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Electrochemical promotion of environmentally important catalytic reactions

Abstract

The performance of conventional heterogeneous metal catalysts may be enhanced by the addition of so-called promoter species that are used to modify the intrinsic metal surface chemistry with respect to activity and/or selectivity. Electrochemical methods provide an alternative, radically different and uniquely efficacious method of catalyst promotion. Substantial and reversible changes in catalyst perfomance can be induced by back-spillover ions pumped from a solid electrolyte to the surface of a catalytically active electrode: one hasin situ control of the working catalyst.

Studies of the electrochemical promotion of NO reduction over Pt films supported on β″-alumina (a sodium ion conductor) demonstrate that major enhancements in activity are possible when Na is pumped to the catalyst surface. We have examined the NO+CO reaction and the reaction of NO with propene. Both reactions are relevant to control of automotive and other emissions, and both exhibit strong electrochemical promotion. By simulating lean-burn engine conditions, we have also demonstrated that EP of a Pt catalyst very substantially enhances the ability of NO to oxidise propene in an oxygen-rich atmosphere. Reaction kinetic data obtained as a function of catalyst potential, temperature and gas composition indicate that Na increases the strength of NO chemisorption relative to CO or propene, a process that is accompanied by weakening of the N-O bond, thus facilitating NO dissociation, which is the critical reaction-initiating step. XP spectroscopy under the appropriate conditions of temperature and catalyst potential confirms that the mode of operation of the elctrochemically promoted Pt film does indeed involve reversible pumping of Na to or from the solid electrolyte.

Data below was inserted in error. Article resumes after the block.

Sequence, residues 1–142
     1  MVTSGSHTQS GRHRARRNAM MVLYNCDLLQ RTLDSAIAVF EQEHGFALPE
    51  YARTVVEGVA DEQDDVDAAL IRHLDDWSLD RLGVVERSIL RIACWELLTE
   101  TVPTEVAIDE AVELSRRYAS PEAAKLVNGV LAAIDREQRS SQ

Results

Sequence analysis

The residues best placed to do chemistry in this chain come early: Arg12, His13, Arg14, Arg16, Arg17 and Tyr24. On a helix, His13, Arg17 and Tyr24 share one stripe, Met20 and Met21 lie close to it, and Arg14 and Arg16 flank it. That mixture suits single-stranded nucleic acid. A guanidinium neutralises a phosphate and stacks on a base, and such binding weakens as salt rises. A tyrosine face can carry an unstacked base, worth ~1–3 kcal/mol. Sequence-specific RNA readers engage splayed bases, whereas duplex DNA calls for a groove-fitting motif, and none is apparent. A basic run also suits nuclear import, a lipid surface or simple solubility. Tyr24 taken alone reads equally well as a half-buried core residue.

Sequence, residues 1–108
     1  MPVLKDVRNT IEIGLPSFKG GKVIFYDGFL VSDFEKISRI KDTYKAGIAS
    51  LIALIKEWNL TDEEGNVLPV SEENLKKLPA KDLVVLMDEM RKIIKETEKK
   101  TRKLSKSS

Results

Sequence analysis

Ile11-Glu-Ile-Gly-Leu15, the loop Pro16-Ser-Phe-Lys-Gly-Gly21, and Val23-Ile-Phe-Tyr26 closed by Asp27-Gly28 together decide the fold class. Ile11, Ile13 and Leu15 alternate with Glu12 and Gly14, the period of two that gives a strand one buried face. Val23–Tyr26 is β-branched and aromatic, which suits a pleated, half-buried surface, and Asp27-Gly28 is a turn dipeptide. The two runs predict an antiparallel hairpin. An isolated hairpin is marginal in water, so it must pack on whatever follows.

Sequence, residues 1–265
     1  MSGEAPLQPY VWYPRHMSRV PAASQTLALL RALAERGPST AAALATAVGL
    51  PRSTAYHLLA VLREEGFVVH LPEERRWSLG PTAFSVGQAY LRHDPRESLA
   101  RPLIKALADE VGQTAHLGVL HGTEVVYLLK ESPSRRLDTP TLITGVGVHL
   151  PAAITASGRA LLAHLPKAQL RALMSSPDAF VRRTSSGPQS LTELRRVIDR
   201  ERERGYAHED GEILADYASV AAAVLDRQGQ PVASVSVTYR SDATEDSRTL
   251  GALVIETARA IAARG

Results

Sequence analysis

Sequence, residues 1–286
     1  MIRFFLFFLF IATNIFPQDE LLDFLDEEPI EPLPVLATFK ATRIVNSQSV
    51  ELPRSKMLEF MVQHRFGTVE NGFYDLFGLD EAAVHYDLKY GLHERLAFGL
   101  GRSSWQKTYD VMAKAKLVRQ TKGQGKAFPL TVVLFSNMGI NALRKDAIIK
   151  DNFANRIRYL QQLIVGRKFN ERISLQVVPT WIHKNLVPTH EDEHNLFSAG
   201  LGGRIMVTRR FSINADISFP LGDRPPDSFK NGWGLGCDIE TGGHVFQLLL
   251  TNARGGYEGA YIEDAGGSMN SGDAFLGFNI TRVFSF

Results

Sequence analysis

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Lambert, R.M., Tikhov, M., Palermo, A. et al. Electrochemical promotion of environmentally important catalytic reactions. Ionics 1, 366–376 (1995). https://doi.org/10.1007/BF02375278

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Keywords

  • Propene
  • Chemisorption
  • Solid Electrolyte
  • Active Electrode
  • Engine Condition